[I’m gonna interrupt this series on Villains for a quick “Bulletin from the Trenches.”]
When I first came out to Hollywood from New York and I was scuffling around desperately for employment, I wound up doing a couple of small writing jobs for the director Ernie Pintoff. Ernie was a seasoned pro (he had actually won an Oscar for a short subject, titled The Critic). My frantic state was very clear to Ernie and, one day after we had finished work, he drew up and gave me a look that told me he was about to impart some serious wisdom.
Ernie said he knew that at my stage of the game, most of the gigs I could attract would be pretty low-ball, non-remunerative, and even in some cases a little dubious ethically. But, he said,
What Ernie meant was don’t turn your nose up at paying (and even non-paying) assignments. “Yeah, a lot of ’em are gonna be pretty lousy and you’re gonna be saying to yourself, ‘This is really for the birds.’ But keep working. You never know who you’ll meet on a job, what contacts you’ll make, what opportunities may present themselves. Stay in the action. Keep perfecting your craft. You’re acquiring experience. You’re learning all the time, even if you don’t think you are.”
I’m taking Ernie’s advice right now, and it’s saving my life.
My “Trenches” book is done. Shawn loves it. I love it. It’s out there now, looking for a publisher.
Now the waiting begins.
Now Resistance appears, big-time.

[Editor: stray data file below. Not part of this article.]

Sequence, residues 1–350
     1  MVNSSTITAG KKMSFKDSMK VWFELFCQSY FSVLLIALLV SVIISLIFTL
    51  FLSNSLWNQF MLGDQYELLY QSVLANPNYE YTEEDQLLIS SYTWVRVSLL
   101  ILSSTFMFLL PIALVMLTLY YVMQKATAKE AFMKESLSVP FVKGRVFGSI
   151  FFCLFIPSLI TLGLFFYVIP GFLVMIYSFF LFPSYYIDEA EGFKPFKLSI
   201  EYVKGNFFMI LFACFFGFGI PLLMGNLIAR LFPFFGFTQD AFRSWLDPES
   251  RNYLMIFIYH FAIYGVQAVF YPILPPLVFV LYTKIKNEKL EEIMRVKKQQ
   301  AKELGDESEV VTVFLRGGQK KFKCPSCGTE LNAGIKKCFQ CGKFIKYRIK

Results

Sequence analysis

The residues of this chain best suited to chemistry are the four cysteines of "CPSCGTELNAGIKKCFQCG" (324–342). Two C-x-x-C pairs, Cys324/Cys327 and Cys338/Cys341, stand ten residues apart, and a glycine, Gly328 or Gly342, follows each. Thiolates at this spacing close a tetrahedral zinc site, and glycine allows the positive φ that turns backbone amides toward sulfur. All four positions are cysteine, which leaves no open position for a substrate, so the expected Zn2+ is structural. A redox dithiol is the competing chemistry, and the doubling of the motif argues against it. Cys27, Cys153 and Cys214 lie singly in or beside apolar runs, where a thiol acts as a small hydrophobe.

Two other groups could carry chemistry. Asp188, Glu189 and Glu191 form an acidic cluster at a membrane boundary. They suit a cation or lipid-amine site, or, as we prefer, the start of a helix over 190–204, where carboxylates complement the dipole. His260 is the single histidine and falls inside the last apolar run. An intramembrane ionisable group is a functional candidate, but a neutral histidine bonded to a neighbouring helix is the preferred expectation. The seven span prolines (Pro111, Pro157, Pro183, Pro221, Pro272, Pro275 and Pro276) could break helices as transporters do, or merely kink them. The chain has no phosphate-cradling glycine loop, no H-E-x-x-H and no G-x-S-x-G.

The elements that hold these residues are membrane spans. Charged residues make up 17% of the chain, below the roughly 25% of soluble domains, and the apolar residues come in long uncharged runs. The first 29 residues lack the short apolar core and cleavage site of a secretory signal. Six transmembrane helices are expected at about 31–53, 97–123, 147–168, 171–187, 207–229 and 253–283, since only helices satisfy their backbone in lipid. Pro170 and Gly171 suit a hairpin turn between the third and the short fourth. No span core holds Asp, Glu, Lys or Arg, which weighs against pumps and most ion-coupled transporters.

Now the temptation arises to hold your breath and attach yourself emotionally to an outcome.
That attitude is bad news.
If you’re reading this, I know you know what I’m talking about. We’ve all been in this place, some of us multiple-multiple times. It never gets any easier. The mind never gets any stronger.
Dark thoughts obtrude.
I repeat to myself all the psych-up mantras I know so well. But they still ricochet around in my head, seeking purchase and often not finding any.
I’ve started the next book. I don’t know what it is. I don’t know what I’m doing. But I’m doing it every day. I have to.
The Muse tests you and me 24/7. She flies over and peers down on us. What she wants to see is that we are dedicated to the journey, to the process, that we are in it for the long haul and in it for keeps.
What she doesn’t want to see is that we are attached to the real-world outcome of one specific project.
The goddess hates that because it shows that we have misapprehended the nature of her alliance with us and of our apprenticeship in her service.
The pro athlete who gets cut from his team, the ballerina who is let go by her dance company … both must go home and IMMEDIATELY begin training for their next job. The sent-down wide receiver must head over to the local college and recruit one of the young quarterbacks to work with him, alone and at night if necessary, throwing passes on the practice field, letting him run routes, helping him keep his technique sharp. The ballet dancer must sign up for class at once, continue her strength training, keep up her barre work.
For you and me, finishing Book #1 (or #21) means only plunging in immediately on #2 or #22.
We have to.
That’s the law.